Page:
Regan et al.[42] investigated the impact of COPD on hip fracture outcomes in a large cohort of men (n = 12,646) undergoing hip fracture surgery. Surprisingly, COPD was noted in 47% of their hip fracture cases, and 26 % had severe COPD and showed one-year mortality of 40.2% compared with 31.0% in mild COPD and 28.8% in non-COPD subjects. Therefore, although the true incidence of hip fracture in COPD is unknown, the presence of COPD in patients with hip fractures is rather common and appeared to be associated with a poor prognosis.

Bone quality in COPD

It is generally accepted that BMD accounts for approximately 70% of bone strength.[14] Determinants of bone strength besides BMD are referred to as "bone quality," contributing to the rest (30%) of bone strength. In some secondary osteoporosis such as those associated with diabetes mellitus and glucocorticoid excess, fracture risk depends less on BMD and more on bone quality, even though the mechanisms of deteriorated bone quality are incompletely understood in both conditions.[43-45] Whether or not COPD-associated fracture risk involves impaired bone quality is not only a matter of great interest but of importance in the consideration of therapeutic strategy.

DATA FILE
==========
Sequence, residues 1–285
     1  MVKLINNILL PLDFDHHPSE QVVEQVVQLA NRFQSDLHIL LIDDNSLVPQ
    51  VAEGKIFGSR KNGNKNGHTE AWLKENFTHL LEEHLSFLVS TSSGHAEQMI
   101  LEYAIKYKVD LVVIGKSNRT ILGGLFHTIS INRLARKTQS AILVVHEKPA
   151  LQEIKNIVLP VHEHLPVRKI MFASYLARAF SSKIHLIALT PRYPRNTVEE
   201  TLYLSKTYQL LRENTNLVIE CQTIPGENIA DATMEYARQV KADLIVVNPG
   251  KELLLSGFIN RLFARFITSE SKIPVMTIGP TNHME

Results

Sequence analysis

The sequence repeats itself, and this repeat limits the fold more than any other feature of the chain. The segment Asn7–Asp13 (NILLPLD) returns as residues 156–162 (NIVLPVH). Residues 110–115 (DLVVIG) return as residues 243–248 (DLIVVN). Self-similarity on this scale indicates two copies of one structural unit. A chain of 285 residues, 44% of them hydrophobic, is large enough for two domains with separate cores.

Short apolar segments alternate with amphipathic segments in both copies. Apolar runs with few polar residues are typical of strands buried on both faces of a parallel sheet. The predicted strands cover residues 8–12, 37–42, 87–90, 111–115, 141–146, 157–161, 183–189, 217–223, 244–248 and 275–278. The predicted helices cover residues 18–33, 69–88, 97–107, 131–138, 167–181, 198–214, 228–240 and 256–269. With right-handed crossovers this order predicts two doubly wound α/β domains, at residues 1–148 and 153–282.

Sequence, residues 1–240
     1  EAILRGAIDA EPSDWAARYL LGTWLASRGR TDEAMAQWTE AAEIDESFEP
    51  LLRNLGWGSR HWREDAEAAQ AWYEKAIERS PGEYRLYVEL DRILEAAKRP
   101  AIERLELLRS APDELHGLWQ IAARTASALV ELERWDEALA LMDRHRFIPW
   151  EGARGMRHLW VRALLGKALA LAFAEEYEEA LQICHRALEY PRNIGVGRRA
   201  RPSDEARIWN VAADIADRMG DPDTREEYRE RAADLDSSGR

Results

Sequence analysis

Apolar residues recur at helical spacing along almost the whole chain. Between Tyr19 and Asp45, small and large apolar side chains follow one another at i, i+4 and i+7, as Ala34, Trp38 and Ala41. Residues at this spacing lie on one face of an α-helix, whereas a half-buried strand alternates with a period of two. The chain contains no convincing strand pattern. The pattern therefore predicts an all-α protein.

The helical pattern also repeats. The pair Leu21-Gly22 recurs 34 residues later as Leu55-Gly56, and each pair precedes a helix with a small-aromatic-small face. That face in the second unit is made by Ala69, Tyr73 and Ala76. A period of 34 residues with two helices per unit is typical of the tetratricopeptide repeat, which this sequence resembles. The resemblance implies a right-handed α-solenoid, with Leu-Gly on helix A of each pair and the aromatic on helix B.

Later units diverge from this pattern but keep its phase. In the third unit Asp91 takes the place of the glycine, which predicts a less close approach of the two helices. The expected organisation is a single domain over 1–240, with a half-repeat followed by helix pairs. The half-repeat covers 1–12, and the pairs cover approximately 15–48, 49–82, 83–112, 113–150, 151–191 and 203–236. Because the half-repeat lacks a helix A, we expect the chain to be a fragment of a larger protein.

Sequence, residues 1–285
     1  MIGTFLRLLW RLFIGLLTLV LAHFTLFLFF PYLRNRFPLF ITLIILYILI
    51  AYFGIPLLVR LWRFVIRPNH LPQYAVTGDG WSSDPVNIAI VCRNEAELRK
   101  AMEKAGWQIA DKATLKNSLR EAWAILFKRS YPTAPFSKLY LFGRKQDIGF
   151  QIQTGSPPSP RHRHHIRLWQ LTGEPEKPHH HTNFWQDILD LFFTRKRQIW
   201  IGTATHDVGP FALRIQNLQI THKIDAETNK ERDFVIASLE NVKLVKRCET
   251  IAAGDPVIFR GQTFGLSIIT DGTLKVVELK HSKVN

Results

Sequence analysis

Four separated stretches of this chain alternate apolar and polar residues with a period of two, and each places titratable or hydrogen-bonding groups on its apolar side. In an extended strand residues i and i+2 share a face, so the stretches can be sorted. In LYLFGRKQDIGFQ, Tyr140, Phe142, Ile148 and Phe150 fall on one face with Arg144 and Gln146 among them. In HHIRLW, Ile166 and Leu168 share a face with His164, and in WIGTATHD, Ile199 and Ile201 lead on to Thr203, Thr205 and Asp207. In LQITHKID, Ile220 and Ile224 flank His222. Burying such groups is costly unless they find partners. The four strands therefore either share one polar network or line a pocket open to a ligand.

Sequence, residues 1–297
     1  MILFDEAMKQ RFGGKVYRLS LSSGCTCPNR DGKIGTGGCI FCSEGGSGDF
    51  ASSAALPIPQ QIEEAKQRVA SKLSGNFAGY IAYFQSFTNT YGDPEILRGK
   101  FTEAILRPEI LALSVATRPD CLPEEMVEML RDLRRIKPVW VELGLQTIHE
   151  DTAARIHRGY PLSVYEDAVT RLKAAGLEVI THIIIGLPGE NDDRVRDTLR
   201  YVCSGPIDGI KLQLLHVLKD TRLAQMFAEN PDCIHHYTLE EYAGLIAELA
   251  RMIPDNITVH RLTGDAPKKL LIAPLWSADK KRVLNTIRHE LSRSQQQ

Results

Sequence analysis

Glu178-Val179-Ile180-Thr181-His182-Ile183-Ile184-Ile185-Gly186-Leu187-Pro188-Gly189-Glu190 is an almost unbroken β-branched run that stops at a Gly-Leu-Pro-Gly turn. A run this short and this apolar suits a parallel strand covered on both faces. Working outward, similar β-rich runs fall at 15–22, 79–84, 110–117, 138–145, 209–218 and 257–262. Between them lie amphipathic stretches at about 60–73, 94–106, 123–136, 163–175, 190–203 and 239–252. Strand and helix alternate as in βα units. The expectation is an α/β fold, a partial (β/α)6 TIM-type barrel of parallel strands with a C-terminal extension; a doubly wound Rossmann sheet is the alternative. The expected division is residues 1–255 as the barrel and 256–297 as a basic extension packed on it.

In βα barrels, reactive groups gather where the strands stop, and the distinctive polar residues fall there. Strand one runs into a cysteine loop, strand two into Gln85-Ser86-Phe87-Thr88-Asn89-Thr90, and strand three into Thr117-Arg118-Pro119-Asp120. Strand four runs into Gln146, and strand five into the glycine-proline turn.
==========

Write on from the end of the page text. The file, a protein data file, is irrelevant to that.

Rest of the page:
Indeed, in previous studies investigating both BMD and VFx prevalence in COPD subjects, BMD was not a good predictor of fracture. Graat-Verboom et al.[8] reported that 36.5% had VFx while that only 23.6% had BMD-defined osteoporosis (T < 2.5). Our Japanese study of 136 COPD males [10] revealed that prevalent VFx were present in 79.4% but low BMD (T < 2.5) only in 38.8% of the subjects. These results clearly indicate that BMD-independent mechanisms, i.e. issues with deteriorated bone quality, are involved in COPD-associated osteoporosis.